The released missionaries arrive at Miami airport
Eight of the 10 American missionaries accused of abducting children in Haiti after last month's quake have been released and are now back in the US.
They were flown to Miami aboard a US military plane after being freed by a Haitian judge, but may have to return for further questioning.
Their two leaders remain in detention. The Americans were arrested after trying to leave Haiti with 33 children.
They said the children were orphans but some were found to have living parents.
Earlier on Wednesday, Haitian President Rene Preval greeted French President Nicolas Sarkozy, who had arrived to assess the aid efforts.
The missionaries, from the New Life Children's Refuge, face charges of child abduction and criminal conspiracy.
The case has drawn criticism that it is distracting from the aid effort
The group's leader, Laura Silsby, and one other member, Charisa Coulter, are being held for further investigation.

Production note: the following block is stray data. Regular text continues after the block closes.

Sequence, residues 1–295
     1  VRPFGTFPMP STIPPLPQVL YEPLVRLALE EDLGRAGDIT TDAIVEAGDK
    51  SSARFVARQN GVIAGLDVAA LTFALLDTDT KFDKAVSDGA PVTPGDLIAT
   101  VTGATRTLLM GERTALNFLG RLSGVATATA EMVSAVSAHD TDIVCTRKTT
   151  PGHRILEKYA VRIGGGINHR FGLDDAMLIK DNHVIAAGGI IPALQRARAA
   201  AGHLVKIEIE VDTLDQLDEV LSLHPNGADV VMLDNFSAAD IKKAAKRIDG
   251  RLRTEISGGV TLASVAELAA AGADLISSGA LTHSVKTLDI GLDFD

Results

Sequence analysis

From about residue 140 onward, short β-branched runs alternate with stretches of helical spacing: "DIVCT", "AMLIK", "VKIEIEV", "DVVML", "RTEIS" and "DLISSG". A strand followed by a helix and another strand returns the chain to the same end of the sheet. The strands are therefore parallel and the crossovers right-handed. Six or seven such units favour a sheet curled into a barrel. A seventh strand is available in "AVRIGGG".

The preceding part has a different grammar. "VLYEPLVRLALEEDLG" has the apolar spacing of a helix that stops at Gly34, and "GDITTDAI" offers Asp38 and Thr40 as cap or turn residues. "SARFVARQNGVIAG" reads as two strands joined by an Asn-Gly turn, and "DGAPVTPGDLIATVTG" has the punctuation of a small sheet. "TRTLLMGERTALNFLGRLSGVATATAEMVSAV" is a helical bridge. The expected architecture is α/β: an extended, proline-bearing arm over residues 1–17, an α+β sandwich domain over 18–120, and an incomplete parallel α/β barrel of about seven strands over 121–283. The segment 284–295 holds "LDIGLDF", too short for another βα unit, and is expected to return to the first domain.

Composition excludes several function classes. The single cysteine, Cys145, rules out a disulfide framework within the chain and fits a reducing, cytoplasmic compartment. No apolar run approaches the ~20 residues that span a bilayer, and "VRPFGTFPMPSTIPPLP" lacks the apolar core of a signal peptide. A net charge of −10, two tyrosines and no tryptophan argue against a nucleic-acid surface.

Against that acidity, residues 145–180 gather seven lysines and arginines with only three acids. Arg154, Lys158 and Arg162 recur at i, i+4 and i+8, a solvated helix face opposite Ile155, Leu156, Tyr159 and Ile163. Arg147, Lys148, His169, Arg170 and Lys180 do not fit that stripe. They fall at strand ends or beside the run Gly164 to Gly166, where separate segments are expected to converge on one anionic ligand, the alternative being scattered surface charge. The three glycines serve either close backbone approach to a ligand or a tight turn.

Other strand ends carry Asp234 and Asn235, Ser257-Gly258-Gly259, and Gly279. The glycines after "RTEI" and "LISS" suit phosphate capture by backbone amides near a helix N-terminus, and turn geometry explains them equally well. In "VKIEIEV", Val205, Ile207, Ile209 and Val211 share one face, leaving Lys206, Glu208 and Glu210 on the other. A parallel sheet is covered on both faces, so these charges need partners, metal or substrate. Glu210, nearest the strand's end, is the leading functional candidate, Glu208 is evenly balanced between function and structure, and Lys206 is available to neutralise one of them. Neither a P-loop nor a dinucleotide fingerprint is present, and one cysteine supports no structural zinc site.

Ms Silsby has admitted that the missionaries did not have the proper paperwork for the children, who were later taken into care by the Haitian authorities.
"The judge wants to question two of my clients because they were in Haiti before the earthquake," the group's lawyer, Aviol Fleurant, told AFP news agency.
The five men and five women, mostly from Idaho, were arrested 17 days after the quake that killed up to 230,000 people.
They denied allegations that they had tried to smuggle the children across the border to the Dominican Republic, saying they were taking the children to an orphanage.
The case has drawn huge media attention - and criticism from some, including the Haitian prime minister, that it is distracting from earthquake recovery.
Mr Sarkozy pledged 270m euros (£235m) in reconstruction aid as he became the first French head of state to visit the former colony.
Mr Sarkozy said: "France will live up to the responsibilities of its shared history and friendship with Haiti."
More than a month after the 12 January earthquake, hundreds of thousands of homeless quake victims are still sheltering in makeshift camps scattered across the ruined capital.